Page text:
Eels can be Used to Help Monitor Water's Ecological Quality

Lucy Towers
12 May 2014, at 1:00am

EU - The European eel could act as an indicator of the ecological quality of aquatic environments, according to a new study. The research suggests that new pollution limits could be developed based on levels of pollutants in eel muscle, with the aim of improving the ecological quality of water under the Water Framework Directive (WFD).

The EU's WFD aims to protect Europe's water resources by ensuring good ecological status in both freshwater and coastal ecosystems. It sets Environmental Quality Standards (EQSs) in water, sediments or wildlife for a number of pollutants, and the list of these has recently been updated.

Throughout Europe, the ecological quality of water bodies is assessed using the Ecological Quality Ratio (EQR). The EQR can be affected by a wide range of factors, including human pressures, such as climate change and pollution.

Pollutants in these ecosystems are typically monitored through tests on water samples. However, they are are also increasingly being measured in aquatic wildlife. This approach offers the possibility of quantifying certain pollutants at levels below critical limits (EQS) even though reliable techniques for measuring levels in water are lacking. It also better reflects the 'bioavailability' of a pollutant, i.e. the amount of a pollutant which may be taken up by wildlife.

Previous research has shown that the European eel (Anguilla anguilla) is, for most of its freshwater stage, a good indicator of a water body's chemical status. Contaminants found in their tissues provide an accurate reflection of the contaminants within their habitat. Information on bioaccumulation – the build-up of chemicals in plants and animals – in eels from a number of European countries has been collected in an eel monitoring database1.

The researchers made use of these data to investigate how pollutant concentrations in the European eel can affect EQR scores. They used data from water bodies in Flanders, Belgium, and considered a number of pollutants, including 10 different polychlorinated biphenyl compounds (PCBs), eight pesticides and nine metals.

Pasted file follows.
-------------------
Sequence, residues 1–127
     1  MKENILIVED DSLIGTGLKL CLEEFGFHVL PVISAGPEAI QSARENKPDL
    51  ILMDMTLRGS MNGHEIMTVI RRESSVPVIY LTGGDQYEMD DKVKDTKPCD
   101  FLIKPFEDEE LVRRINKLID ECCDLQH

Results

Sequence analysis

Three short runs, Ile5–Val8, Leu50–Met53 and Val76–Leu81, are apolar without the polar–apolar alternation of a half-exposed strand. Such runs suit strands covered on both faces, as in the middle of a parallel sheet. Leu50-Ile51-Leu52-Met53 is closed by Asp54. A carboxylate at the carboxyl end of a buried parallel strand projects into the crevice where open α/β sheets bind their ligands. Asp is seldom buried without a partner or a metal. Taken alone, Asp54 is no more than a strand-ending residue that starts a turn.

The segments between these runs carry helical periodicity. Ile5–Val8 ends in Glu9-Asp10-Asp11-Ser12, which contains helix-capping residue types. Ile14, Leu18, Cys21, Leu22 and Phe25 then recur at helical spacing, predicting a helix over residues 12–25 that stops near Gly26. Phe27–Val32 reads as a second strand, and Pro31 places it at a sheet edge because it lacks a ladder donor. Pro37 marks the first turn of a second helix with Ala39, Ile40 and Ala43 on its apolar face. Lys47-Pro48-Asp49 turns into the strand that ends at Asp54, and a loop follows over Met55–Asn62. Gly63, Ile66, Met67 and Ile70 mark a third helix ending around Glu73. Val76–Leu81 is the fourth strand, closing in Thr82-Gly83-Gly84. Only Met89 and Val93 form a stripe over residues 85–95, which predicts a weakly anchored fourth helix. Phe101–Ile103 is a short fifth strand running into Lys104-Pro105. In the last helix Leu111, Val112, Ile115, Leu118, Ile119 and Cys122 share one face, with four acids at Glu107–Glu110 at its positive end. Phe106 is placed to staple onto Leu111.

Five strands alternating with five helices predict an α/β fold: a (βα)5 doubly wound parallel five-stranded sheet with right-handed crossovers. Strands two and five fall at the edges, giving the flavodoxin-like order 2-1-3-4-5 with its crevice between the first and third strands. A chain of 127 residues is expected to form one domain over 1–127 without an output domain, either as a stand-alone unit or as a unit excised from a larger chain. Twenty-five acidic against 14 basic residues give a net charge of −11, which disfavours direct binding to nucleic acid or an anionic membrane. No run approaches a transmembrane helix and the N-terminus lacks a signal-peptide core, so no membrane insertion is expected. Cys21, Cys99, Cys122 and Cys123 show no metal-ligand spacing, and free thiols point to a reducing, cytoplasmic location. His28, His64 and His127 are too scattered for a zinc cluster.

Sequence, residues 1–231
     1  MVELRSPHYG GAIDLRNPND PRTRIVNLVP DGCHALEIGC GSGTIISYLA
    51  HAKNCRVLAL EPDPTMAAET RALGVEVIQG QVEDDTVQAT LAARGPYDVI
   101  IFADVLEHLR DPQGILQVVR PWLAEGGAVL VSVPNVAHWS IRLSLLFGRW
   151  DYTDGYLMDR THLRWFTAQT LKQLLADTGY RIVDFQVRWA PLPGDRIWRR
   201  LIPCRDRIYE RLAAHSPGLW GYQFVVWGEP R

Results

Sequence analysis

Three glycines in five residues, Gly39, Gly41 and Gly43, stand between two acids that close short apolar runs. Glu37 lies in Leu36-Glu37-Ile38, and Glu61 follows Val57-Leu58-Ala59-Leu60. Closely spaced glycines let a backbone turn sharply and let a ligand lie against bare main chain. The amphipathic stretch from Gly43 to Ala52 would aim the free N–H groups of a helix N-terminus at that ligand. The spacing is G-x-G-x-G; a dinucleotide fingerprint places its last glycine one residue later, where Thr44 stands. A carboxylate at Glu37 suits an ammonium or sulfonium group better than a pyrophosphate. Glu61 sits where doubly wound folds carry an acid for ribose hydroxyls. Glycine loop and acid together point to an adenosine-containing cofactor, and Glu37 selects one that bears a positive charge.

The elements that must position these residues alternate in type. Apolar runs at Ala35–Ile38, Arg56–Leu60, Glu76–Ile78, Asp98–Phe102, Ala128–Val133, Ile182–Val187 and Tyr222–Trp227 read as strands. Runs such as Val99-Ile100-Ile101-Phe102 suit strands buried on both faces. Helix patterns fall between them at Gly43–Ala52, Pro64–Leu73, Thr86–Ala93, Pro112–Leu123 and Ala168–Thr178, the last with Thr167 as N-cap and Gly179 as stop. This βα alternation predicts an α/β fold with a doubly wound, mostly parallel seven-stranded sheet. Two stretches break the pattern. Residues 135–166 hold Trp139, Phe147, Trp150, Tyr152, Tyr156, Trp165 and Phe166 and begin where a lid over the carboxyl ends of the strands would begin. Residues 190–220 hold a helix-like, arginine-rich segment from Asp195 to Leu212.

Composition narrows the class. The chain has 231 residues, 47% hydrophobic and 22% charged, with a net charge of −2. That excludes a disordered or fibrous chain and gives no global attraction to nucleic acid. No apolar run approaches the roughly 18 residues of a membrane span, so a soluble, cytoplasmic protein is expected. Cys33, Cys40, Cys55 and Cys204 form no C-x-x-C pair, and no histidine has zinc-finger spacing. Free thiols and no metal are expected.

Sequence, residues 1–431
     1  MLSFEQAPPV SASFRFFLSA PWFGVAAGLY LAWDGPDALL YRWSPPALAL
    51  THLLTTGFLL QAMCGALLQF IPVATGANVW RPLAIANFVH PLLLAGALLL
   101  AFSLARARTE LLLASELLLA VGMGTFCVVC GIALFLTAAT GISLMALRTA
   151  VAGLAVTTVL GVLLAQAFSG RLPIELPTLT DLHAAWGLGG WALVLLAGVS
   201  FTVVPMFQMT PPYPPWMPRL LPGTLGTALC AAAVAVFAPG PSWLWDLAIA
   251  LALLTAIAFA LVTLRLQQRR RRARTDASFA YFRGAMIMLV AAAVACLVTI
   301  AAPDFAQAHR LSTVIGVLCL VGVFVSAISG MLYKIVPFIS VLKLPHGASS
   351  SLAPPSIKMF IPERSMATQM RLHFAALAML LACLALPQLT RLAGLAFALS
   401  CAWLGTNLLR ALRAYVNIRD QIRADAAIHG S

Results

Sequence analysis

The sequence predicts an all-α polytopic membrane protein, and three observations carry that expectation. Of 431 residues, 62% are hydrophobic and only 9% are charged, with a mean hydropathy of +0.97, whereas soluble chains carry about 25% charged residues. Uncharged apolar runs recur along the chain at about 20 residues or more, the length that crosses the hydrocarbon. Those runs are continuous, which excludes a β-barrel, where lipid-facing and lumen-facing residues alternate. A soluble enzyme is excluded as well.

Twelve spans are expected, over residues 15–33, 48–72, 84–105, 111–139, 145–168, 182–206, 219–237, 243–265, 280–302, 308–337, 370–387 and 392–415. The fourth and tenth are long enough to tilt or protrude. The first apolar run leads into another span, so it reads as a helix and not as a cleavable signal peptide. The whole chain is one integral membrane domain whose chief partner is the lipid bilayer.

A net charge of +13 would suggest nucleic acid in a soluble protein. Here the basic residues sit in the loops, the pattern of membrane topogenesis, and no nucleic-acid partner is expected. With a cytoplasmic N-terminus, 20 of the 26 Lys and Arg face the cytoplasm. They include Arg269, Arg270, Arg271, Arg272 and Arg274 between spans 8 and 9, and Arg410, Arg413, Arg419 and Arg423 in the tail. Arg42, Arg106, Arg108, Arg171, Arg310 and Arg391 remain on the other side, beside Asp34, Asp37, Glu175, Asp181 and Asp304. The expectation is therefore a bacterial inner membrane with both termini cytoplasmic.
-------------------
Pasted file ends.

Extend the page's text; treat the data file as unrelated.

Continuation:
The database showed that a wide range of concentrations for each pollutant were found in eel muscle. The concentrations were compared with ecological quality as represented by the EQR score. From this comparison, threshold concentrations for each pollutant were determined, above which ecological quality was never rated good. For example, when lead levels were above 65 nanograms per gram of eel muscle, water bodies were never of good ecological quality.

For most pollutants, EQR scores were better when bioaccumulated concentrations were lower. In some instances, however, EQR values were poor even when pollutant levels were low. This suggests that other factors were also influencing EQR scores. Additionally, the researchers note that levels of pollutants, and therefore threshold concentrations, vary depending on the type of tissue analysed. For example, some pollutants accumulate more in organs than in muscle.

Overall, the study suggests that monitoring accumulation in eels could help refine WFD EQS for a number of waterborne pollutants to help protect aquatic ecosystems. The results also highlight the particular relevance of higher chlorinated PCBs to EQR scores.

an Ael, E., Belpaire, C., Breine, J., et al. (2013). Are persistent organic pollutants and metals in eel muscle predictive for the ecological water quality? Environmental Pollution, 186C, 165–171. DOI:10.1016/j.envpol.2013.12.006.